I always describe the evolution of the Nova Scotia Museum as very organic. No one sat down at one point and created a plan, and built the Nova Scotia museum. It largely evolved over opportunistic things that happened over the decades, and eventually was built to 28 sites of varying types and sizes throughout the province.
Within the Nova Scotia Museum's 28, there are 13 sites that are actually operated indirectly by third party not-for-profits. You have larger sites like the Highland Village Museum in Iona, Cape Breton, which is operated by the not-for-profit society that manages that and does it on behalf of the province of Nova Scotia.
There are other sites that are seasonal for the province. Some are like the Wile Carding Mill in Bridgewater, is operated by the town of Bridgewater through the DesBrisay Museum, as a third party contract with the province of Nova Scotia.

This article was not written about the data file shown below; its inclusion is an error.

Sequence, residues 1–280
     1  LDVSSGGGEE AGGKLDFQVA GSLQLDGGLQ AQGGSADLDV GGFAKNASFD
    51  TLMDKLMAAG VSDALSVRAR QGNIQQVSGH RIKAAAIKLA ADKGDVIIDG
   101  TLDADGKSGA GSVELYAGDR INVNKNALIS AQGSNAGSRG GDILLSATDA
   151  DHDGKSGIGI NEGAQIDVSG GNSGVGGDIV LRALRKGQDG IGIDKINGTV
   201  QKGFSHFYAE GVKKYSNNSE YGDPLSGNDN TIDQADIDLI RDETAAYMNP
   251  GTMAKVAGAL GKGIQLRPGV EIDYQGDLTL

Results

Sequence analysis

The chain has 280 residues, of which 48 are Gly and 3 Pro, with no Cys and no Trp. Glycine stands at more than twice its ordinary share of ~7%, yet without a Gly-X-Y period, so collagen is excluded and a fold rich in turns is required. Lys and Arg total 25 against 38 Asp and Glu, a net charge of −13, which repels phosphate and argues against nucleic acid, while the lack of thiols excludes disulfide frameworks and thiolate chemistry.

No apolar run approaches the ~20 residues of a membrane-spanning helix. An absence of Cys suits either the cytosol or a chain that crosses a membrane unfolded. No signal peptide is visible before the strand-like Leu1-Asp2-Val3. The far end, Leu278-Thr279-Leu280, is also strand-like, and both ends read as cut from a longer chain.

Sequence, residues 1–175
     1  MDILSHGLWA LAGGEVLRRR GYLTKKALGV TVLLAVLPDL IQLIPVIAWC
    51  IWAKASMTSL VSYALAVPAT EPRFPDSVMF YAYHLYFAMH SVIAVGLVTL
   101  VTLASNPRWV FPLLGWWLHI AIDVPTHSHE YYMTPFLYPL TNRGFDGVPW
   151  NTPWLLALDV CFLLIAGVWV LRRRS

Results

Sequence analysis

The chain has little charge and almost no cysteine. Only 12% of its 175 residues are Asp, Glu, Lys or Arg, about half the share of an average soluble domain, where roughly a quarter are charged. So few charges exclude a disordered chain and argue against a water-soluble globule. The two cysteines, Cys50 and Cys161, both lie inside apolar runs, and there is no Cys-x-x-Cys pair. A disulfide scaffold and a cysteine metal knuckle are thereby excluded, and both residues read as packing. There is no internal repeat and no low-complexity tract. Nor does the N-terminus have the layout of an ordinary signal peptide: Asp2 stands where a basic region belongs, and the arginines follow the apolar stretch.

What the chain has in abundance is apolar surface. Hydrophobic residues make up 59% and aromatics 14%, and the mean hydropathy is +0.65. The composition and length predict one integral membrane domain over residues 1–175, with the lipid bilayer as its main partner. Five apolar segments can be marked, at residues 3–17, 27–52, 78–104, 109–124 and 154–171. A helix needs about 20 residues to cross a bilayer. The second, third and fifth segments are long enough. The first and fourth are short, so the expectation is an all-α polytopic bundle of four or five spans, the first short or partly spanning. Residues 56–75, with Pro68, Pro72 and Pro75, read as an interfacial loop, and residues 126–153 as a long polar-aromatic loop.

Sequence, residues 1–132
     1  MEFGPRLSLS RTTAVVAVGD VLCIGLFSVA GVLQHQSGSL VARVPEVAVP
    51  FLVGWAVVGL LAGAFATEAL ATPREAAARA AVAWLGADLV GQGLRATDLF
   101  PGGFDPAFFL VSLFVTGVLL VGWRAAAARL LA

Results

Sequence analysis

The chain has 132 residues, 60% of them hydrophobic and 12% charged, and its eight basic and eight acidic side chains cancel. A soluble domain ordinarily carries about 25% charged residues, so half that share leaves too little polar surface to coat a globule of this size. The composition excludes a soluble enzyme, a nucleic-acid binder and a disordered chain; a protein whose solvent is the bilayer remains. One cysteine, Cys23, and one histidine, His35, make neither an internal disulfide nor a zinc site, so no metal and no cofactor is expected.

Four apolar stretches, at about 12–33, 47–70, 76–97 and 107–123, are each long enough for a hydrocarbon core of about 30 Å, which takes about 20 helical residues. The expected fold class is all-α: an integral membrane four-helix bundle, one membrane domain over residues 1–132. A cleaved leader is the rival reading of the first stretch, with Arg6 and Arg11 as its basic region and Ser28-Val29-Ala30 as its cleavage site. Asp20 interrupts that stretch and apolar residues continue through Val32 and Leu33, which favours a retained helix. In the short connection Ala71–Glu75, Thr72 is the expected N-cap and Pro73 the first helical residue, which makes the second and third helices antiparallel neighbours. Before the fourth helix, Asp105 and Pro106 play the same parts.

We actually evaluated the Nova Scotia museum sites in 2017. I didn't include any of those statistics because the province hasn't released permission to me with that report to share those statistics. However, it is a very complicated set up that they have. Kim may speak to that. She operates one of the directly managed sites. Her staff are all provincial government employees, that's not the case for all of the other sites.
From my organization I provide training and other supports like the advisory service with the collections management system. That supports the activities, mostly of the indirectly managed sites, but they all participate in the training opportunities, conferences and such, that we offer.